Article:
An improvement is achieved by the use of the sixteen perimeter pixels of a (5×5) block as the comparison subset, which will permit the detection of a larger spot defect within the perimeter. There is a chance, however, that other spot defects may overlap the (5×5) perimeter itself, which will reduce the chance of detecting the central spot. This problem can be reduced by writing each corrected central pixel image value back into the original array and not using a separate array to record the processed image values. Subsequent steps will then use the corrected values already determined by the processing in earlier steps. The effect of this is to increase the efficiency of spot defect removal considerably with no visible detriment to the picture information.

The performance can be also be improved in two further ways. The first is to ignore the most extreme or the two most extreme image values of the smallest or largest pixel image values of the predetermined subset of each block when calculating R1 or R2 respectively. For example, if the subset represents the 16 peripheral pixels of a (5×5) block and the method is being carried out to reduce only low image value spot defects, the ratio R1 will become: ##EQU3## where, as before, A(1) to A(16) are ranked in image value, A.sub.(16) being the highest. If the method is being carried out to reduce only high image value spot defects, the ratio R2 will become: ##EQU4##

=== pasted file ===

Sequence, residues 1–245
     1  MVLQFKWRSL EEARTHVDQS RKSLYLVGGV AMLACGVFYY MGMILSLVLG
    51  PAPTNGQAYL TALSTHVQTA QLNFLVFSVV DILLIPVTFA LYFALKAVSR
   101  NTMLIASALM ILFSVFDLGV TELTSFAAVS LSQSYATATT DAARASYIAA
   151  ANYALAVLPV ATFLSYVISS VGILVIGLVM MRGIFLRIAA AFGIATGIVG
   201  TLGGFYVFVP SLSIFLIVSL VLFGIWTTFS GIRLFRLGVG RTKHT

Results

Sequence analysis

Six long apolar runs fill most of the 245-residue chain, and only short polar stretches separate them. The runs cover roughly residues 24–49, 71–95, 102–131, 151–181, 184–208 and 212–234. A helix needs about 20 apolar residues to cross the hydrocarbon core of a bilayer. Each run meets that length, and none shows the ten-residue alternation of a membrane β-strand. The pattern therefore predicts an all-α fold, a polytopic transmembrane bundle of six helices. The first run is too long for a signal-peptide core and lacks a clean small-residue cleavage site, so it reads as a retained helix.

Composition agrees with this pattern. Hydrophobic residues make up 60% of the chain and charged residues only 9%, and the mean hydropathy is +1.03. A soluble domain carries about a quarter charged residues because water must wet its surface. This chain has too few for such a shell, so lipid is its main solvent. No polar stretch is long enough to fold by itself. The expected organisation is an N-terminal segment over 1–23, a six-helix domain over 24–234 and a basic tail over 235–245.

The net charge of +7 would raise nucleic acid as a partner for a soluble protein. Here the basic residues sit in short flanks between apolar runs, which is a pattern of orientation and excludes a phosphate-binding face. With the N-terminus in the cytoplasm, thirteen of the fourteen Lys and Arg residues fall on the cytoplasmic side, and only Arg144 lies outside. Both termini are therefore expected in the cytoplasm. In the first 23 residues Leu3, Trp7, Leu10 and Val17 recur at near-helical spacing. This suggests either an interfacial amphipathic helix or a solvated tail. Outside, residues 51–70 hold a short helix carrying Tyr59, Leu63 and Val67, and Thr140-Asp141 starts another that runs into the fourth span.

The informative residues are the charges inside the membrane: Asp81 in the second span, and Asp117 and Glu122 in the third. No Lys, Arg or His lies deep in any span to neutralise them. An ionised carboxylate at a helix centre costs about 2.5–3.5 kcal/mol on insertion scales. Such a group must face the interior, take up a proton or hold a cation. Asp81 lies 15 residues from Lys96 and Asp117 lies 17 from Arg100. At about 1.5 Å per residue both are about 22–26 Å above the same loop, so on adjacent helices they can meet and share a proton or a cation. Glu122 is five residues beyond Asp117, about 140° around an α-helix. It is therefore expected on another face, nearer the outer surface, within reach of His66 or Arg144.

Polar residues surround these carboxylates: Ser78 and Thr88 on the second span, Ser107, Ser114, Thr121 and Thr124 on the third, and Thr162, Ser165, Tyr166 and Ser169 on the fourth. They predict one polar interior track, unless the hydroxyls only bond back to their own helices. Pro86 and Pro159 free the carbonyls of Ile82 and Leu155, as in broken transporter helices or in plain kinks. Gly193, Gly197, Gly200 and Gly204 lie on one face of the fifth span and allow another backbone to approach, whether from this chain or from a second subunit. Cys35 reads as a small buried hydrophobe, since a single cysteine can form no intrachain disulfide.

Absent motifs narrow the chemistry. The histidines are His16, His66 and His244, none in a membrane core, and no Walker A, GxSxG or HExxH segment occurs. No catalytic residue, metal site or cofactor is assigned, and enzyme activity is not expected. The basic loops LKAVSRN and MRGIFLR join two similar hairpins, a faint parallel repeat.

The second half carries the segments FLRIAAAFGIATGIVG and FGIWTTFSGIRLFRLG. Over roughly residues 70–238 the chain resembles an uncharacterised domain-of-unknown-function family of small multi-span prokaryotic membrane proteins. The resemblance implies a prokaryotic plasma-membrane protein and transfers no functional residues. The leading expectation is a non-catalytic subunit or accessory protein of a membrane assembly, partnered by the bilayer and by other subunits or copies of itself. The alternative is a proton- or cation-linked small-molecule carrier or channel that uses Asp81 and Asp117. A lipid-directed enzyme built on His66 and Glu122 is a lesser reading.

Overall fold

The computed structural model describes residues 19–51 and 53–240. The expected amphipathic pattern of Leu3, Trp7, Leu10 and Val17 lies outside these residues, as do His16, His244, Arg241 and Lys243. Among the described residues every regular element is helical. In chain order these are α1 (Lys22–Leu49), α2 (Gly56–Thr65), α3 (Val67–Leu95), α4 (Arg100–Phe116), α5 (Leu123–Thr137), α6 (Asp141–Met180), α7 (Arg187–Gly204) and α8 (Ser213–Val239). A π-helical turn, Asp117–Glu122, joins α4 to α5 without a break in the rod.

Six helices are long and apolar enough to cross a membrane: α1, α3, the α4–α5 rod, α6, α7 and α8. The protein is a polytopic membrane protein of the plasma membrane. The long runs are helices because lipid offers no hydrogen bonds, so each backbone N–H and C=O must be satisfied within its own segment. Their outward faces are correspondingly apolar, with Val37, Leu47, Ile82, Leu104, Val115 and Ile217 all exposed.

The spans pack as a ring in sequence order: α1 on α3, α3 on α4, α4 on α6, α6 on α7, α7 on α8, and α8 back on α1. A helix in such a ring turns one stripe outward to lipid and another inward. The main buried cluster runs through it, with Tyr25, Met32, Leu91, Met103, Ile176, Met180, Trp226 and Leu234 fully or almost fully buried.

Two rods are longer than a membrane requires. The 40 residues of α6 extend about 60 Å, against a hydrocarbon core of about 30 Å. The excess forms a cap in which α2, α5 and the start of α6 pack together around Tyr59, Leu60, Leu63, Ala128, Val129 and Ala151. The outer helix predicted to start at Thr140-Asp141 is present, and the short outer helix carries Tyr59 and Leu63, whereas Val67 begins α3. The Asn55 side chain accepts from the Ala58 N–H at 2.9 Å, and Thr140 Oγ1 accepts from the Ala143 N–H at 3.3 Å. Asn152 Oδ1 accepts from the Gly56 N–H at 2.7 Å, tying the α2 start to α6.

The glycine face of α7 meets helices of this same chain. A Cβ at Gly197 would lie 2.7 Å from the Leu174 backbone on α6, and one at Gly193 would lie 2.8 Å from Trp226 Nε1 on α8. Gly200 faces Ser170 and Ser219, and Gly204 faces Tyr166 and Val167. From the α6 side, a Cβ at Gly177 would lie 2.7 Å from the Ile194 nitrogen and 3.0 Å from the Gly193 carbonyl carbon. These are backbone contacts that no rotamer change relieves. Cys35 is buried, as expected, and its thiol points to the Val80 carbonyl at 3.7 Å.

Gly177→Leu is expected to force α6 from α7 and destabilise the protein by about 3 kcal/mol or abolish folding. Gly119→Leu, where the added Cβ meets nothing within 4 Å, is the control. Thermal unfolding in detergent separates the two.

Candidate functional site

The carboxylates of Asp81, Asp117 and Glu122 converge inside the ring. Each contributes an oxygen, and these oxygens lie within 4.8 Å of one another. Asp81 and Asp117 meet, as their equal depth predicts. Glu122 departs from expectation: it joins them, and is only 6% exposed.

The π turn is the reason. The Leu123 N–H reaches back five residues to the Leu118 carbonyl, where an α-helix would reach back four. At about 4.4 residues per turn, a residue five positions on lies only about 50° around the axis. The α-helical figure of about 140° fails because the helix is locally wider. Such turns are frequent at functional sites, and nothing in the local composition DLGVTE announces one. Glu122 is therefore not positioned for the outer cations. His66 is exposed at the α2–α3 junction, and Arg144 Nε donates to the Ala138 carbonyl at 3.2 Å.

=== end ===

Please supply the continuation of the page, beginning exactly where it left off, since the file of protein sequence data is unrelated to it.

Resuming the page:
This will reduce the interference on the removal of spots by the remaining defects, and also by any image detail information that may lie in the neighbourhood. In the case of the (5×5) block the exclusion of only the most extreme pixel value from the operation leaves many defects undetected, whilst excluding the three most extreme pixel values visibly reduces the image sharpness to a small degree.